Okigbo's poetry & Gender Do issues of gender make up a large factor of Okigbo's poetry?

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Karen P.L. Hardison eNotes educator| Certified Educator

Having lived from 1932 to 1967, "gender" issues were not addressed as they currently and as they came to later in the twentieth century. Nonetheless, one of his dominant themes was "identity" and the "crises" of identity. Under this large canopy of individuals' and personal thematic concerns, gender issues are certainly incorporated though addressed in different language than later became typical. Here is an example of how personal gender issues might be included under the idea of "identity" issues:

On The New Year

To wait is to linger
With the hope that the flood will flow dry;
To hope is to point an expectant finger
At fate, fate that has long left us to lie
Marooned on the sands

The roots are nowhere
There are no roots here
Probe if you may
From now until doomsday
We have to think of ourselves as forever
Soaring and sinking like dead leaves blown by a gust
[...] (Christopher Okigbo)

vangoghfan eNotes educator| Certified Educator

Recent critics have strongly emphasized feminist approaches to Okigbo's poetry (see, for instance, the link below). To the extent that his work emphasizes female figures (and it often does), then "gender" seems an important aspect of his work. However, I'm really intrigued by the comment above that "gender" is a western construct. I would be very interested in learning more about this claim.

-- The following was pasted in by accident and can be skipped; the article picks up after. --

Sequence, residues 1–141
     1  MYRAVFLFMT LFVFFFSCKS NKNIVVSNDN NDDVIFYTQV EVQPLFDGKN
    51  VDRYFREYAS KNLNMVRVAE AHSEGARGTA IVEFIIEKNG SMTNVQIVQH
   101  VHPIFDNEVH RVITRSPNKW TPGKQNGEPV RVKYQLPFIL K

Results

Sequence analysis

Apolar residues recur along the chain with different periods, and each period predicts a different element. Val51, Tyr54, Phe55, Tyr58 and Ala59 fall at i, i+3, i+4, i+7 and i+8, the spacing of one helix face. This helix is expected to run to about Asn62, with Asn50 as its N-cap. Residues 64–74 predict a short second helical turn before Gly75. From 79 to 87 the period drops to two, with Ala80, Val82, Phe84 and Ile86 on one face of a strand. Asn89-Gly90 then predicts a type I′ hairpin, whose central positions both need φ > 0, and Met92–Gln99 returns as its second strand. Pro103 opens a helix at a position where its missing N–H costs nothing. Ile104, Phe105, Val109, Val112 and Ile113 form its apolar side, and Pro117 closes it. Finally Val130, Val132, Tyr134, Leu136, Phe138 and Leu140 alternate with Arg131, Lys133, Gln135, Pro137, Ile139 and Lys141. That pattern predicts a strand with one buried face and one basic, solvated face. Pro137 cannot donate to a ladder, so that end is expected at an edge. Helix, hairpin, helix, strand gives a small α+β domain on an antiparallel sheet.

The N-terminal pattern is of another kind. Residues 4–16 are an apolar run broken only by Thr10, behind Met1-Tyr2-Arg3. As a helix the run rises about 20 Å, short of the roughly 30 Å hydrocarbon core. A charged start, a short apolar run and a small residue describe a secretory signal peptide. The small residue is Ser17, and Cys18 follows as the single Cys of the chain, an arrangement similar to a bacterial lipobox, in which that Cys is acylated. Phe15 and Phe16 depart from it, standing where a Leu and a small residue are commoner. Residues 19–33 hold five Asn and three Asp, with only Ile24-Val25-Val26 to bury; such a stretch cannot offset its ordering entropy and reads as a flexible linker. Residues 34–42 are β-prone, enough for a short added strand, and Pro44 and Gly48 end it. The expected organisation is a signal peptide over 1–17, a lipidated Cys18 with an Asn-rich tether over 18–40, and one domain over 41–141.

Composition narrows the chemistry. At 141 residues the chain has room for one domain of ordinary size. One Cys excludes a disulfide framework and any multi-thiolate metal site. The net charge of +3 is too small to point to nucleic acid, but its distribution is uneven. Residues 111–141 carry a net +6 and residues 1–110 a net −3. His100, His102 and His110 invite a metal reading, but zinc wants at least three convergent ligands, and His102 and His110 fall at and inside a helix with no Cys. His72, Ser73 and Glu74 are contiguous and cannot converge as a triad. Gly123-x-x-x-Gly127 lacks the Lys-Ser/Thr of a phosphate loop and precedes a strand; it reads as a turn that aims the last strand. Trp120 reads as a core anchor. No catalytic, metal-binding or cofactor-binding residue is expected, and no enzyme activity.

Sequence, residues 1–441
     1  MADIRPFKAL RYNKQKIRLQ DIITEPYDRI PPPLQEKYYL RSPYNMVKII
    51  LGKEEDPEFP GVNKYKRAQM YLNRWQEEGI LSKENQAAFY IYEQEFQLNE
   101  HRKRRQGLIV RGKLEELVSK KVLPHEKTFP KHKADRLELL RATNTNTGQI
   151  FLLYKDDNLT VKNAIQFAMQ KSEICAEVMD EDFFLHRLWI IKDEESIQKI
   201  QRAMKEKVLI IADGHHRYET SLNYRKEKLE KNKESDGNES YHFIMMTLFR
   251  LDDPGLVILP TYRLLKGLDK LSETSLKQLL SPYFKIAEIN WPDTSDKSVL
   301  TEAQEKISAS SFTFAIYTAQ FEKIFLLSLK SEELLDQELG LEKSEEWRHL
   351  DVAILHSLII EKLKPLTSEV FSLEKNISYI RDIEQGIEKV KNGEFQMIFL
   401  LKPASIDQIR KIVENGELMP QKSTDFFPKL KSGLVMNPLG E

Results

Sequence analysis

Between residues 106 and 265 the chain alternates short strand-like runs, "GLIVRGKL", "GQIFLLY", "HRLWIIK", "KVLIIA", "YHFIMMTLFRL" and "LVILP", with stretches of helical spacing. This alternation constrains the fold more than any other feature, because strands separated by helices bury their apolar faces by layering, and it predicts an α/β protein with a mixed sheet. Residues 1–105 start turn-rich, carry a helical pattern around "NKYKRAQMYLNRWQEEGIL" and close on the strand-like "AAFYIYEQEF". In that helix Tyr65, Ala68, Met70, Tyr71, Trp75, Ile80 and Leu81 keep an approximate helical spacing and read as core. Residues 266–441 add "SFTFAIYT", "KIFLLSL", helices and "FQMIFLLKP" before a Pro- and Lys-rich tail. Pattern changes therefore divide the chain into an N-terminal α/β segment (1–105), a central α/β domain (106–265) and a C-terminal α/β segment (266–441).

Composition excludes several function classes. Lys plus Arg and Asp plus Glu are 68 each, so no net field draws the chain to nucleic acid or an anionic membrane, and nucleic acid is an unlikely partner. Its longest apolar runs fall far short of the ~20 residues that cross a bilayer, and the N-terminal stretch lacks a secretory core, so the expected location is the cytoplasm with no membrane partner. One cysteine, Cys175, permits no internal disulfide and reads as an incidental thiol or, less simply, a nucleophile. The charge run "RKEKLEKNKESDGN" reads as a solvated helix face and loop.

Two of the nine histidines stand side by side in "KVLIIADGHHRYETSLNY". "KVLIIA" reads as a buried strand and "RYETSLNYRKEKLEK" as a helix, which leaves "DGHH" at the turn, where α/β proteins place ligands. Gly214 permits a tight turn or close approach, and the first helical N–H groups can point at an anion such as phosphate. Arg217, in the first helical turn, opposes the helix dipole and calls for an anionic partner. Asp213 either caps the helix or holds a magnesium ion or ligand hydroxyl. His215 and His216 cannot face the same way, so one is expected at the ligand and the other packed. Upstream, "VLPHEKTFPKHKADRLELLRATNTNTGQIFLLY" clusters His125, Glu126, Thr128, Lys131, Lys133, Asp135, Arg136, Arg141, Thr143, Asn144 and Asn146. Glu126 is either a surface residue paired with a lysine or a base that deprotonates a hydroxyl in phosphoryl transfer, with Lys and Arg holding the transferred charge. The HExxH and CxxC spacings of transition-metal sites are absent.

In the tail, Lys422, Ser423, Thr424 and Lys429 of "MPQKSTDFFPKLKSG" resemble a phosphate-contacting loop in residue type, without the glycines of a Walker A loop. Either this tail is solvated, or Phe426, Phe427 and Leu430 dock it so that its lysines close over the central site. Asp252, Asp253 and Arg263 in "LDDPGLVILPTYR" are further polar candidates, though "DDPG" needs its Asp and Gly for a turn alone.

literaturenerd eNotes educator| Certified Educator

I have to agree that Okigbo's poetry is not about gender. Instead, his poetry is meant to be heard (given its lyrical quality). At the same time, Okigbo's poems, given that they are supposed to be heard, are meant to be felt. Therefore, I think that his poetry is not about the role of men or women. Instead, it about what the words mean and where they take the listener.

mjay25 | Student

I currently think that it's hard to define gender in the context of Okigbo's poetry, because 'gender' is a western cultural term.

I think Okigbo's references to goddesses in his poetry are only a part and parcel of his mythological references used to infer what he wants to express, and not to give his views about women for example.

I think other themes make up a larger portion of his poetry, like religion and colonialsim.

What does anyone else think? Any ideas?

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